If you walk into Fin, the Asian-fusion Culver City restaurant, and ask about their secret bar, they will gladly show you the way to the Alley Lounge in back. But if you want to take a chance and try to find it yourself, go through the alley and open the service door. If you see a painting of a peacock, you’ve chosen correctly. Inside is a sleek bar with a nice craft cocktail selection. They even have dollar tacos on Tuesdays!
Yes, you can actually get a haircut and shave at Blind Barber if you want. But if you’re only in the market for drinks, walk straight back to the unmarked door in the back. Through that door is a dark, retro bar, complete with checkered floor and leather booths. Come hungry and accompany your cocktail with a gourmet grilled cheese. And if you’re a comedy lover, check out their invitation-only comedy shows every last Monday of the month. The quality is no joke either: Last year, Dave Chappelle stopped in to try out some new material.
Absinthe is the spirit of choice in this secret bar behind the Bank of America on Culver Blvd. You can enter through Rocco’s Tavern or through the alleyway. With gold crushed velvet wallpaper, a chandelier and brown leather with red accents, this bar might magically transport you to Paris in the early 20th century. It has live music, strong cocktails and is often crowded, but the drinks don’t take forever, so you’ll be glad you stopped into this secret absinthe bar.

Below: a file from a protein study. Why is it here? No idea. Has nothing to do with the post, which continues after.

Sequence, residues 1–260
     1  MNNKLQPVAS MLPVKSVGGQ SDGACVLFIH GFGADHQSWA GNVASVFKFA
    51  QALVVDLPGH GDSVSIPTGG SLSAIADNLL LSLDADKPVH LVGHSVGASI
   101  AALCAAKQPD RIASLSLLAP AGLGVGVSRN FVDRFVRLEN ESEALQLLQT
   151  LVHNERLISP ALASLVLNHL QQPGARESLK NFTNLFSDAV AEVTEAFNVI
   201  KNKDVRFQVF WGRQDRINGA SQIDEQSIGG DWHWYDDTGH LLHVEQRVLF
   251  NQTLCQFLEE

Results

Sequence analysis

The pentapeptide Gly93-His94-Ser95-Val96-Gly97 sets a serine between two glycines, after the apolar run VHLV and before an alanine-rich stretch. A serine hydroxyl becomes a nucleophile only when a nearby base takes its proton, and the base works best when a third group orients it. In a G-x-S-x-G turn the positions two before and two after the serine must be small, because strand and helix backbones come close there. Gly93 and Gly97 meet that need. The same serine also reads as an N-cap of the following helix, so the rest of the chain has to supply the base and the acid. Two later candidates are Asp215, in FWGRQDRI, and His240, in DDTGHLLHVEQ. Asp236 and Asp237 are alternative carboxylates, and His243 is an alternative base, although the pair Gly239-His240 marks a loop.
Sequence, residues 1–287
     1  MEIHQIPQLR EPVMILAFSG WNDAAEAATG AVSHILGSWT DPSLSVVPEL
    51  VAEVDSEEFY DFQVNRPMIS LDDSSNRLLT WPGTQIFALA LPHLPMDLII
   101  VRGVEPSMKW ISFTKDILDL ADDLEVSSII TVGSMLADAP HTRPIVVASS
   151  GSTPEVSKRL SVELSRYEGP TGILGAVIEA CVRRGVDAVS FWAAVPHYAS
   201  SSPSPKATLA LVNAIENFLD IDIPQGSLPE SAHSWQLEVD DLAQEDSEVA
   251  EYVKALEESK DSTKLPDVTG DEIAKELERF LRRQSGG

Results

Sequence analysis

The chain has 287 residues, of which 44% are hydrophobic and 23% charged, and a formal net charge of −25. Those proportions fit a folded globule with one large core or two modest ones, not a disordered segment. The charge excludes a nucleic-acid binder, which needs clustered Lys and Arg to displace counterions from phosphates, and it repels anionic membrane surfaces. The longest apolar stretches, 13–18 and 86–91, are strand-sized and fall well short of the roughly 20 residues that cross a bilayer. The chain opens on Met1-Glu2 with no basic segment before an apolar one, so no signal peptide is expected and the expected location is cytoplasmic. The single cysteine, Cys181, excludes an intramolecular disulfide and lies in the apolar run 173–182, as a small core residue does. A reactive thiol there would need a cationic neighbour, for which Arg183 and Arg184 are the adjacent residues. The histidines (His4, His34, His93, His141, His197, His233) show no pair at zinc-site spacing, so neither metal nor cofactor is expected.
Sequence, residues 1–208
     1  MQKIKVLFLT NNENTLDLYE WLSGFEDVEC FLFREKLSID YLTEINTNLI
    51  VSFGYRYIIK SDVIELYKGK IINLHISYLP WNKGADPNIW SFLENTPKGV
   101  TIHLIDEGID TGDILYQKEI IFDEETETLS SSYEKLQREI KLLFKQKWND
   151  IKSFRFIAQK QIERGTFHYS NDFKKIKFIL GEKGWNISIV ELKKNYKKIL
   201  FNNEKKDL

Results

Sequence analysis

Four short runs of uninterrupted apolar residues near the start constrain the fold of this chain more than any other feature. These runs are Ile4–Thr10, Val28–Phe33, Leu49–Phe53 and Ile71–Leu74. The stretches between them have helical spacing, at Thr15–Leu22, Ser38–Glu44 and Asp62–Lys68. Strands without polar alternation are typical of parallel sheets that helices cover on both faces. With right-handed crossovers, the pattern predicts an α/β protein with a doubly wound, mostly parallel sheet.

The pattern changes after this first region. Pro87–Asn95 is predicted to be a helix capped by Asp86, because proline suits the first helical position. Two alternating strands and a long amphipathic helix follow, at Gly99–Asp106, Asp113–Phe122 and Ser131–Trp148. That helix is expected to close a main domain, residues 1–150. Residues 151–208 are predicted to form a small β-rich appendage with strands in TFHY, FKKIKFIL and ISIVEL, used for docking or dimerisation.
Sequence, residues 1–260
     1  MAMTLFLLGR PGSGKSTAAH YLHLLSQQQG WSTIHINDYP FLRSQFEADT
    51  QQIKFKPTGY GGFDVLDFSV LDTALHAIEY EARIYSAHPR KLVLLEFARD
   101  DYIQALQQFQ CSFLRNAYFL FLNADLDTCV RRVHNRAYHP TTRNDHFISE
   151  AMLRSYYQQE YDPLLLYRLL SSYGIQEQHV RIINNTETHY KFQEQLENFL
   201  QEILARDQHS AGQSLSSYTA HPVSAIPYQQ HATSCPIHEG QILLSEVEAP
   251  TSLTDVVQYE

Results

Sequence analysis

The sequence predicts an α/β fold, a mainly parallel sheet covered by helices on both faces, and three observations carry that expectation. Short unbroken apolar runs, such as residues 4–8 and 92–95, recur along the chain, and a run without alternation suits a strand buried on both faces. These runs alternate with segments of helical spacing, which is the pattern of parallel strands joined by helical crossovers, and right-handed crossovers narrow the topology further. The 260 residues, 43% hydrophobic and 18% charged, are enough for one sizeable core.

Perhaps the oldest speakeasy in Los Angeles, the Del Monte is located in the basement of Townhouse in Venice. Around since 1915, it functioned as an actual speakeasy during prohibition when Townhouse was just an unassuming little grocery store. Now it’s a rowdy nightclub, and beware there’s usually a cover charge, though it’s not generally more than $10.
You may not find any craft cocktails or live music in this Eastside gem, but you will find something special. If you’re hungry, enter the liquor store with the sign advertising “the coldest beer in town” on the corner of Figueroa and Ave 59, ask for birthday candles, and you’ll be led into Tinfoil, a secret deli that serves up simple but finely crafted sandwiches. Yes, secret sandwiches do taste better.
With any of the above, be sure to rideshare or book a 24-hour parking space with Pavemint if you’re planning on ordering a drink. Trust us, the alternative is a lot less fun.
Have a hidden bar in LA that we failed to mention? Let us know in the comments!